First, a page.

Rebecca Solnit’s 2005 A Field Guide to Getting Lost is a celebration of much that is disdained and feared by mainstream American society:   The Unknown Loss Getting Lost Being Lost Hell Solitude Tragedy Melancholy Emptiness Ruins Death Sadness Wanting Captivity The Wild Heartbreak The Void Mortality Disappearance Darkness Does that list give you nightmares? Then, A Field Guide to Getting Lost is not for you.   Three recognitions Solnit looks deeply into how various people and peoples have faced all of these seemingly negative aspects of existence and how she has faced them in her own history. And she finds in them the deepest life. The deep place where life is richest, fullest. It has to do with a recognition that, first, none of these is avoidable, and that, second, each is the yin to a yang of some seemingly positive aspect of human existence. For instance, you can’t have heartbreak without having had love. You die because you’ve been alive. Darkness is part of the texture of light. Her third recognition is that these aren’t negative at all.   The Turtle Man Near the very end of her book, Solnit tells a story of having a dream one […]
December 6, 2017

Chicago History: The Brooklyn Bridge and Chicago’s elevated Loop

The Brooklyn Bridge and Chicago’s elevated Loop don’t seem to have much in common aside from being large transportation structures. From its completion in 1883, the 1,600-foot suspension bridge spanning the East River has been a dominant element on the New York scene. In his 1965 book Brooklyn Bridge: Face and Symbol, Alan Trachtenberg notes that the bridge’s designer John Roebling predicted that it would be ranked as a national monument and as “a great work of art.” Roebling’s claims [writes Trachtenberg] were far from modest, but history has borne them out. There is no more famous bridge in all the world. And in 1964, almost a hundred years later, the American government proclaimed the structure an official national monument. By contrast, the 1.8-mile elevated Loop, which turned 120 in October, rises just two stories above four Chicago streets. Although it encloses 39 downtown blocks, it is lost amid the skyscrapers that loom above it. Rare is the aerial photograph that captures more than a sliver of the rectangle of tracks. Indeed, it can only be viewed in full from directly above it (such as from a space satellite) — and even then, unless the sunlight is exactly right, the […]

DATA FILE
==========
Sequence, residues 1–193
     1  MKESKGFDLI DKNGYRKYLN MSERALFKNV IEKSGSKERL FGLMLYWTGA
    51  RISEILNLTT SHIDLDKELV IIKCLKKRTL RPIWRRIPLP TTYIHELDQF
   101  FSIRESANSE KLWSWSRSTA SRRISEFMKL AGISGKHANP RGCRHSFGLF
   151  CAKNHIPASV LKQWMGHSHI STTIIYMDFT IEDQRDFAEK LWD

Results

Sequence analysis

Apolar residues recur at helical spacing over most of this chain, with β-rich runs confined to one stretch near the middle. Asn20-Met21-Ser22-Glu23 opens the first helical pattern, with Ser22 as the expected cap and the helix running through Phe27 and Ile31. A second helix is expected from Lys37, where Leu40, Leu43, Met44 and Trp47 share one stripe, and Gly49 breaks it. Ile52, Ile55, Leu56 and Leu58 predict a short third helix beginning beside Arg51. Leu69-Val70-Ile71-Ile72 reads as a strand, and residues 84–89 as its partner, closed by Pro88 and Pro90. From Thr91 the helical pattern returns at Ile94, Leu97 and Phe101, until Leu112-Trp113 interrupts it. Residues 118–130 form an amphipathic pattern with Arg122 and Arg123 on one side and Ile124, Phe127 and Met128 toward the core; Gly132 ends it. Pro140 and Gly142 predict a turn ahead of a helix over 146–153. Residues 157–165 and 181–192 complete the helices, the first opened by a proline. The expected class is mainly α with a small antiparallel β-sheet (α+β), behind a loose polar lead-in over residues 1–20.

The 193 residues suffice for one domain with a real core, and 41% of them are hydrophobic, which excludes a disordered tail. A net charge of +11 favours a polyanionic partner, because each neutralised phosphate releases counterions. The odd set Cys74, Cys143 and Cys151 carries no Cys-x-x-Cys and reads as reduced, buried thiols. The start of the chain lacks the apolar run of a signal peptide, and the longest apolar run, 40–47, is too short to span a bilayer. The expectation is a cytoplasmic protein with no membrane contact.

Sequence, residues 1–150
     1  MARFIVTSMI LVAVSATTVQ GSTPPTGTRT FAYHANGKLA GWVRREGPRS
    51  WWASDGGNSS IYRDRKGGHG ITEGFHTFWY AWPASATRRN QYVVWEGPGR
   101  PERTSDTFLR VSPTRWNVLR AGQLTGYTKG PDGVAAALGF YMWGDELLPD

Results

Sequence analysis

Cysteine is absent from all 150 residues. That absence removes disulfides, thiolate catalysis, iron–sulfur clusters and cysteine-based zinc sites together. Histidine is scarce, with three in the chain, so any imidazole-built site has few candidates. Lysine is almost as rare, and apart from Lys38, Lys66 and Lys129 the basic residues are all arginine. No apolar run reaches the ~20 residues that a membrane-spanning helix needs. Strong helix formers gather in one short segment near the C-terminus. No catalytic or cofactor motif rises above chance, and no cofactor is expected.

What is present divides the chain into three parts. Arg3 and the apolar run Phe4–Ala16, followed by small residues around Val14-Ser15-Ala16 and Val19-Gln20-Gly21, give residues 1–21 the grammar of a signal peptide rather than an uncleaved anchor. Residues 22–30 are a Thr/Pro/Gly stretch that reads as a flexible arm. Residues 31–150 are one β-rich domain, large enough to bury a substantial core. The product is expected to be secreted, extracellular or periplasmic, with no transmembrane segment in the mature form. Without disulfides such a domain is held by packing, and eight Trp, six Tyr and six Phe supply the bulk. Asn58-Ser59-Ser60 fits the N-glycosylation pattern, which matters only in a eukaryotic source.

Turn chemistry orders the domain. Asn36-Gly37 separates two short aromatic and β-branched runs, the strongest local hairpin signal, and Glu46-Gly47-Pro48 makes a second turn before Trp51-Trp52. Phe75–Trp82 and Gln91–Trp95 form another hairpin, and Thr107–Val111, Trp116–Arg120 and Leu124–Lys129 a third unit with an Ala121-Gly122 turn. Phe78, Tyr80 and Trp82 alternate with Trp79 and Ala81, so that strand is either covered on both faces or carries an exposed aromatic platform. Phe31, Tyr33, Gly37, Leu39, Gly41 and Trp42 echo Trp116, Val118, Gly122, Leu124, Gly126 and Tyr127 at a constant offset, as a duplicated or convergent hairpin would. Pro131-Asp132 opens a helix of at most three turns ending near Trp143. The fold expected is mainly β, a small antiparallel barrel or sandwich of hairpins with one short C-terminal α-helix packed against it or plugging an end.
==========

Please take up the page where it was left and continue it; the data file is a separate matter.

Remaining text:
December 4, 2017

Book Review: “The Wall of Respect: Public Art and Black Liberation in 1960s Chicago,” edited by Abdul Alkalimat, Romi Crawford, and Rebecca Zorach

Fifty years ago, William Walker, a veteran muralist, proposed to a group of other black artists and photographers that they collaborate to produce a mural on the side of a two-story tavern in the impoverished South Side neighborhood of Grand Crossing. After three weeks of labor at the building on the southeast corner of 43rd Street and Langley Avenue, the 20-foot-by-60-foot work of art, featuring dozens of African-American heroes, was completed on August 24, 1967. It was called the Wall of Respect, and it was dedicated several times over the next weeks. Sometime later, Walker came to the wall and saw a young man sitting on the sidewalk with his back resting on the art work. “How are you doing, brother?” Walker asked. “I’m getting my strength,” the man said.   Long overdue book about long overlooked milestone This story is told twice in The Wall of Respect: Public Art and Black Liberation in 1960s Chicago, edited by Abdul Alkalimat, Romi Crawford, and Rebecca Zorach, and it provides an insight into what the outdoor mural, created with direct community input, meant to African-Americans in the neighborhood, in Chicago and across the nation. The work of art, the first of its […]